Native room opened at Fort High

Ten brightly-coloured banners—sporting the logos of local native bands—now hang proudly on the wall of the “circle room” at Fort Frances High School.
About two dozen aboriginal students joined chiefs and elders from several local bands in a ceremony Monday to bless the room, which will be used to promote First Nations culture within the high school.
The ceremony also marked the beginning of Native Awareness Week at Fort High—something that has not been celebrated there in previous years.
“I think it’s something that had to be done,” Grade 11 student Kari Yerxa said afterwards.
“It’s important because it gives us a sense of who we are as aboriginal youth,” she added. “It gives us a sense of relief because the school shows us that our culture can still be preserved.”
During the ceremony, in which elder Rosie Boshkaykin prayed to the Creator to watch over the students and guide them in their work and lives, students and guests sat proudly beneath the banner that represented their band.
The multi-coloured banners were sewed together by Viola Medicine, who said it made her feel good to see them all hanging together in the room.
Following the blessing ceremony, FFHS principal Ian Simpson explained the circle room was going to be an important part of school life.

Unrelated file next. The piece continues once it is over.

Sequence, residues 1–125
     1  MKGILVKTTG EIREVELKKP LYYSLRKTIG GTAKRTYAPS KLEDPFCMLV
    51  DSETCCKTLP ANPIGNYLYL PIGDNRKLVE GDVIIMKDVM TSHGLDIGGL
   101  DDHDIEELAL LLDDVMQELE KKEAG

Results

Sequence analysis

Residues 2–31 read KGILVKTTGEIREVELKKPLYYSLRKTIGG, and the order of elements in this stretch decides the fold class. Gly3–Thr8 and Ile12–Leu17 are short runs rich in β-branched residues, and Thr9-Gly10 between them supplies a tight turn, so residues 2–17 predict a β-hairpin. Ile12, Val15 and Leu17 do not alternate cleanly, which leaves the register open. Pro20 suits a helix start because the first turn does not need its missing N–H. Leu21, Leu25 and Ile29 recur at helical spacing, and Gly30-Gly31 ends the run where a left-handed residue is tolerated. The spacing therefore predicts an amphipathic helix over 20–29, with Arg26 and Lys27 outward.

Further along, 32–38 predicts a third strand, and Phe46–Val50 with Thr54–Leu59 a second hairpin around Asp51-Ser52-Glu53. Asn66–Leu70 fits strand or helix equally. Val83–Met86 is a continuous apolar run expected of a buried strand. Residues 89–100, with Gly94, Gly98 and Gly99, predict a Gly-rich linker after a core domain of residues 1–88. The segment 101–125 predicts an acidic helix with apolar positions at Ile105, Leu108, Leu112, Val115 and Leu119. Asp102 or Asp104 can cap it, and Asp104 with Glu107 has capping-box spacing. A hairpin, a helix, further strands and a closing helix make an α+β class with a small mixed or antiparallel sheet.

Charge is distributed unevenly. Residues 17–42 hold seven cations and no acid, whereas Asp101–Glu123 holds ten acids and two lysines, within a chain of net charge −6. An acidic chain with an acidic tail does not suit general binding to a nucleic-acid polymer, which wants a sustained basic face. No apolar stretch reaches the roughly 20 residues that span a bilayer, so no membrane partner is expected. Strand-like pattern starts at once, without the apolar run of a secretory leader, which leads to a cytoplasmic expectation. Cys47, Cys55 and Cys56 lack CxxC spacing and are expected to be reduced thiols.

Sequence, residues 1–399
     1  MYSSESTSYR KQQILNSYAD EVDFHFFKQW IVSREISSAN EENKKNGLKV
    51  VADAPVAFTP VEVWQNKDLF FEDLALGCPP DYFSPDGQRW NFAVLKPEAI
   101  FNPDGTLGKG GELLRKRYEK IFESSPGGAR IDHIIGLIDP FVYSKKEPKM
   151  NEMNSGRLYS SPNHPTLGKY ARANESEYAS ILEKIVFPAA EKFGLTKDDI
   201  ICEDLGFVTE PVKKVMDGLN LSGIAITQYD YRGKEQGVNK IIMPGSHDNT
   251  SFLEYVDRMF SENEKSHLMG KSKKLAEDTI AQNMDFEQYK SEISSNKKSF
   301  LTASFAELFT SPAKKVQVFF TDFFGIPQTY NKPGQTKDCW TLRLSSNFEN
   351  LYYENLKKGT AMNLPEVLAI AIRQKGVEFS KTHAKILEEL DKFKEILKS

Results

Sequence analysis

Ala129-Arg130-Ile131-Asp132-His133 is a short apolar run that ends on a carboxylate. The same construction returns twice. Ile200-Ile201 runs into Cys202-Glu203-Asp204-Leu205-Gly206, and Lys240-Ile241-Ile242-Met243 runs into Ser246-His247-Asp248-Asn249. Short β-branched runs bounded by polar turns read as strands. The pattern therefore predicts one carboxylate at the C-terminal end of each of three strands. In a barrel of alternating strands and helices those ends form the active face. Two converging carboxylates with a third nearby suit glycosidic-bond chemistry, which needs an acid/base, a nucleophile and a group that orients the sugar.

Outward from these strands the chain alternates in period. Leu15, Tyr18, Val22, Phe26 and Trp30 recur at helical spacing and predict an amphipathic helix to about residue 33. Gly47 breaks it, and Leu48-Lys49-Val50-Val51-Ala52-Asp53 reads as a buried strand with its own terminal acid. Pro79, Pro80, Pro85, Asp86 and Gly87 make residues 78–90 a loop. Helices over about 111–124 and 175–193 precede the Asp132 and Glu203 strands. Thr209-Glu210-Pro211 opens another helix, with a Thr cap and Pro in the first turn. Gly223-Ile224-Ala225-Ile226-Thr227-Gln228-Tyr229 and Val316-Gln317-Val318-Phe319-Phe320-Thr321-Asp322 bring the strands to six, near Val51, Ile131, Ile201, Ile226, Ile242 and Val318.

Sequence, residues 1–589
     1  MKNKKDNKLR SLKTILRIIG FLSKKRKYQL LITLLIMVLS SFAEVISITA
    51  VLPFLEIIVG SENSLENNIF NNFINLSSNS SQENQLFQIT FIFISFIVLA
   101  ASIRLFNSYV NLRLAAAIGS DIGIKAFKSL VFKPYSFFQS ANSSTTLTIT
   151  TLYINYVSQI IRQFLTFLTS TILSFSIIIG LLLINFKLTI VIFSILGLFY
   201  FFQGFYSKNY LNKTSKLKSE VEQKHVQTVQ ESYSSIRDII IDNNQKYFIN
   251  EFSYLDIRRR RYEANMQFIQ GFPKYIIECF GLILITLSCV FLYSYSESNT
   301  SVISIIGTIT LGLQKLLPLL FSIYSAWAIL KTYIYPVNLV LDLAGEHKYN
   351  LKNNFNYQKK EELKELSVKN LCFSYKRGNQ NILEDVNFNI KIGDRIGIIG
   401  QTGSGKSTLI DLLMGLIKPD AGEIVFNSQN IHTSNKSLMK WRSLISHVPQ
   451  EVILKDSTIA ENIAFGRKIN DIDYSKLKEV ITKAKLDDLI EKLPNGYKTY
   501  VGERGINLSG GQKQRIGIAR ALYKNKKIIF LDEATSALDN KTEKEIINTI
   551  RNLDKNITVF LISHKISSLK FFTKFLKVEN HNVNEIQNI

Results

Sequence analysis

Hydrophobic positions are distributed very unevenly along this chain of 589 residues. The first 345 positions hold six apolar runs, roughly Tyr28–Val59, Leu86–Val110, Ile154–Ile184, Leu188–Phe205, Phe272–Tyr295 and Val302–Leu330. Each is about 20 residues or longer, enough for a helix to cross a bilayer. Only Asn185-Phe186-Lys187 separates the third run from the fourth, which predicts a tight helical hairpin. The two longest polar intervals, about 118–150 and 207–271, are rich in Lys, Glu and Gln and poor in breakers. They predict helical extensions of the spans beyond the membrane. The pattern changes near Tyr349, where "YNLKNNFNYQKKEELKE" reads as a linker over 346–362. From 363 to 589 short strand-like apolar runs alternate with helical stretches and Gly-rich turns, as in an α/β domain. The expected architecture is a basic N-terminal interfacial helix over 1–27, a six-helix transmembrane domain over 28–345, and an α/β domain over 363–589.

“We will be using this as much as possible to promote First Nations culture in the school,” he noted. “We hope to make First Nations culture an everyday part of life here and this is an opportunity to show our commitment to that.”
Simpson, who invited elders and chiefs to return to the school at any time, said it was important for students to have their culture represented at Fort High.
“It gives students a more comfortable feeling of belonging in our school,” he explained.
Education Director Warren Hoshizaki attended the ceremony on behalf of the Rainy River District School Board. Chief Gary Medicine of Rainy River First Nations also was happy to be on hand.
“I think it most certainly brings this together,” he said. “It is an opportunity for chiefs to be part of this. It was good to see a number of them here today.
“It’s the opportunity for youth to appreciate the values of their elders,” he added.
Brian Perrault of Couchiching was pleased with what he saw Monday.
“Just to see that Ojibwa culture is recognized and acknowledged by the school,” he said. “It is giving the kids somewhere they can feel at home and it will make them more a part of the school.”